UNIT 24.3 Glycoproteomics Using Chemical Immobilization

  1. Hui Zhang

Published Online: 1 MAY 2007

DOI: 10.1002/0471140864.ps2403s48

Current Protocols in Protein Science

Current Protocols in Protein Science

How to Cite

Zhang, H. 2007. Glycoproteomics Using Chemical Immobilization. Current Protocols in Protein Science. 48:24.3:24.3.1–24.3.14.

Author Information

  1. Johns Hopkins University, Baltimore, Maryland

Publication History

  1. Published Online: 1 MAY 2007
  2. Published Print: MAY 2007


Protein glycosylation is prevalent in proteins destined for extracellular environments, e.g., transmembrane proteins, cell surface proteins, and secreted proteins in tissues and body fluids. These also are the proteins that are most easily accessible for diagnostic and therapeutic purposes. This unit describes methods for solid-phase extraction of glycopeptides and subsequent identification of glycopeptides as well as glycosylation sites. The extraction is based on the conjugation of glycopeptides to a solid support, using hydrazide chemistry, and the specific release of formerly glycosylated peptides. The recovered peptides are then identified by tandem mass spectrometry. The methods are applied to the analysis of proteins from cells, body fluids, and tissues.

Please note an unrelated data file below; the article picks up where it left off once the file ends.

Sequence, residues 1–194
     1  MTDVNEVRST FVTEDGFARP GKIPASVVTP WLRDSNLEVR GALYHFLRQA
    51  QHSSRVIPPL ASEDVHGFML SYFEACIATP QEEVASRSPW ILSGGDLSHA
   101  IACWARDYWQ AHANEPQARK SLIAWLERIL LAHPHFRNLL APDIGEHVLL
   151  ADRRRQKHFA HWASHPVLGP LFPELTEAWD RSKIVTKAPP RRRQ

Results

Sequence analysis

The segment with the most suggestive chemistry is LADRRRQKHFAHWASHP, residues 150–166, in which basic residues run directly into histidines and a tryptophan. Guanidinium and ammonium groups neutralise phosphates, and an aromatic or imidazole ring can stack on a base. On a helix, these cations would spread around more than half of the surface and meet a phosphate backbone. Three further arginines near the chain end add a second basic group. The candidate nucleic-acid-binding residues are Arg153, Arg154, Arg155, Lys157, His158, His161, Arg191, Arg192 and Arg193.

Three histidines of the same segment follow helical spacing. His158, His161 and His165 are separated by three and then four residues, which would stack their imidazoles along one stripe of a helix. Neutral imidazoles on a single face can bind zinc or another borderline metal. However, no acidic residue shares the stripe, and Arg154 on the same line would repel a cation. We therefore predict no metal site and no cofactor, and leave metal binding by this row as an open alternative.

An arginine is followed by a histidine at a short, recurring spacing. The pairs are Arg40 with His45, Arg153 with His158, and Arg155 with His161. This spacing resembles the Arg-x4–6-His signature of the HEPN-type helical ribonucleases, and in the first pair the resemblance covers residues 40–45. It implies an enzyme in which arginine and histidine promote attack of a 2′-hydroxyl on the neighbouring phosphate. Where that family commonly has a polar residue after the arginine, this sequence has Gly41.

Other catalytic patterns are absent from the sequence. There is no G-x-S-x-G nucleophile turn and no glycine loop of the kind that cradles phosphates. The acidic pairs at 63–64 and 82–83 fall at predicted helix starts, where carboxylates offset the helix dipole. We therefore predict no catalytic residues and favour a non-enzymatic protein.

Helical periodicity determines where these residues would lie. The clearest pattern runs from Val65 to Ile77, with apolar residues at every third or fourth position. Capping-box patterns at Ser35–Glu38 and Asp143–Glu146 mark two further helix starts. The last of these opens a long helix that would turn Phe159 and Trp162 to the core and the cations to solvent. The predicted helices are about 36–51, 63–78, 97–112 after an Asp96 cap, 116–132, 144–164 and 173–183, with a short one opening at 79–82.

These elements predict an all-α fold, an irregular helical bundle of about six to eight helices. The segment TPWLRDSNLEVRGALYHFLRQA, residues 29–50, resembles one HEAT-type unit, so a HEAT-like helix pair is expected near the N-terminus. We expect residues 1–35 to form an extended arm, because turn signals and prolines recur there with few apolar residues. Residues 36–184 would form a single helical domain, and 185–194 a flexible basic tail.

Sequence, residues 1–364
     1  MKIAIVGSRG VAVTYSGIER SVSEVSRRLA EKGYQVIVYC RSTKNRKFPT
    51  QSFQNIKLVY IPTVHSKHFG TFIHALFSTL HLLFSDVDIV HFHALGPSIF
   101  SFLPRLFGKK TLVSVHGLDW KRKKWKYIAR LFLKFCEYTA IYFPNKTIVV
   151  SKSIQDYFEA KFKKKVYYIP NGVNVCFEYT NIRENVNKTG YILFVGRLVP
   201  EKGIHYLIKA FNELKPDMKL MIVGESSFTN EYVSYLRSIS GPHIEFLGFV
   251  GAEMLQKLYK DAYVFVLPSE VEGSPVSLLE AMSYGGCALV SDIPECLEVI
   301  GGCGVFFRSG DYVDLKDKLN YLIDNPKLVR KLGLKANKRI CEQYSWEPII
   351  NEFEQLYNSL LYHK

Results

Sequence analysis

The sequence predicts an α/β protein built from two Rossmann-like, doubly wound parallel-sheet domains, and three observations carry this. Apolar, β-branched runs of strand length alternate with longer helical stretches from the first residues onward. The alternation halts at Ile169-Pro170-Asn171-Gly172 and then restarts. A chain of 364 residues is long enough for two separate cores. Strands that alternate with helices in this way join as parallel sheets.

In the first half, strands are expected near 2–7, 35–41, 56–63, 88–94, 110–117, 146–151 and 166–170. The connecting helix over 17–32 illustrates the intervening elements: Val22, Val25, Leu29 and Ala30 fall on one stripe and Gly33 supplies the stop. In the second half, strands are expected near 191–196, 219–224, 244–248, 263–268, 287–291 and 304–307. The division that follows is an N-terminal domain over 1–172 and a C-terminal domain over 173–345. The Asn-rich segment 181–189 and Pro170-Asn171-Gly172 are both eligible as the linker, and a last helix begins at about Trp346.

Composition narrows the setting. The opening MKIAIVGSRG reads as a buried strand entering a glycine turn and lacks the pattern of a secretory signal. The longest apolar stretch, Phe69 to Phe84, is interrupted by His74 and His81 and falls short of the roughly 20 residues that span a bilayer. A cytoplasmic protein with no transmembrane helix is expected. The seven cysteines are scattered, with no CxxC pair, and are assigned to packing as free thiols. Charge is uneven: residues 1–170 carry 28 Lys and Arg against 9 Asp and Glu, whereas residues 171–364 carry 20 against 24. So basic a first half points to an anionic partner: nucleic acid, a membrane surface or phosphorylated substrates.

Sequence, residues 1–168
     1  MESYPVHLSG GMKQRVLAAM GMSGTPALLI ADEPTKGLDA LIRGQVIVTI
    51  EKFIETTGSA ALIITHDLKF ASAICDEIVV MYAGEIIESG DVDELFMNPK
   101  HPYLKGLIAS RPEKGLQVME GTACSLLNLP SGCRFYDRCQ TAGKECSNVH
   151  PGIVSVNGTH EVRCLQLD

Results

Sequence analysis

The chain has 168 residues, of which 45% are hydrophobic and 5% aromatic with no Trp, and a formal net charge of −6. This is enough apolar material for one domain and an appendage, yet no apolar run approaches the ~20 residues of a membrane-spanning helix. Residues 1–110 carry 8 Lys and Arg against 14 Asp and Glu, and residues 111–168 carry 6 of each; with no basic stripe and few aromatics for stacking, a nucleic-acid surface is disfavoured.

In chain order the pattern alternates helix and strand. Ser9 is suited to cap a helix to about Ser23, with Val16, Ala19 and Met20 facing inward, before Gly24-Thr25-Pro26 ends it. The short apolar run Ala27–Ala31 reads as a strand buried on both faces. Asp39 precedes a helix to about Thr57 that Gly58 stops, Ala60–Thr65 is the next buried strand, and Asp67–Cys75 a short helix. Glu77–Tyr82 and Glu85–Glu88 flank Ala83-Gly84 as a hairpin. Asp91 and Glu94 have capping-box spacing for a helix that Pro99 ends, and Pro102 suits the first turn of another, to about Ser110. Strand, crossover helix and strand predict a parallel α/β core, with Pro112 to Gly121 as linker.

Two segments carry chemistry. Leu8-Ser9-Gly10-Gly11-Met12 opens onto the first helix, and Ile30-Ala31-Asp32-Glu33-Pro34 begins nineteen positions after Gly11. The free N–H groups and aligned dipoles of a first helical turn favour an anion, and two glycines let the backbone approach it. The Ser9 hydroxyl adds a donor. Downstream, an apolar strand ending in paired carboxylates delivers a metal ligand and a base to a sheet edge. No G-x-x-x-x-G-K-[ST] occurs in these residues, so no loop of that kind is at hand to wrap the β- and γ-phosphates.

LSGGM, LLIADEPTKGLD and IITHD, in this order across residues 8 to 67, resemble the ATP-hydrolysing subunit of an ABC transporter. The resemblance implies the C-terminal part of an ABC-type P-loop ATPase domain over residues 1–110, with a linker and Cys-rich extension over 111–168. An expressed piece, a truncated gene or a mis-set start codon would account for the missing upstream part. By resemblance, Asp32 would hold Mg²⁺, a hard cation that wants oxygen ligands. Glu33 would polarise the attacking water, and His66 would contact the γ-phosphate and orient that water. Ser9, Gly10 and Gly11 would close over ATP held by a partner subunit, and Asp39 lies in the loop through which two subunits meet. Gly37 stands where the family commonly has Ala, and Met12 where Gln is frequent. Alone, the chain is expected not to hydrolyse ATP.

• Glycoproteomics;
  • glycosylation;
  • protein post-translational modification;
  • mass spectrometry;
  • proteomics;
  • extracellular proteins;
  • secreted proteins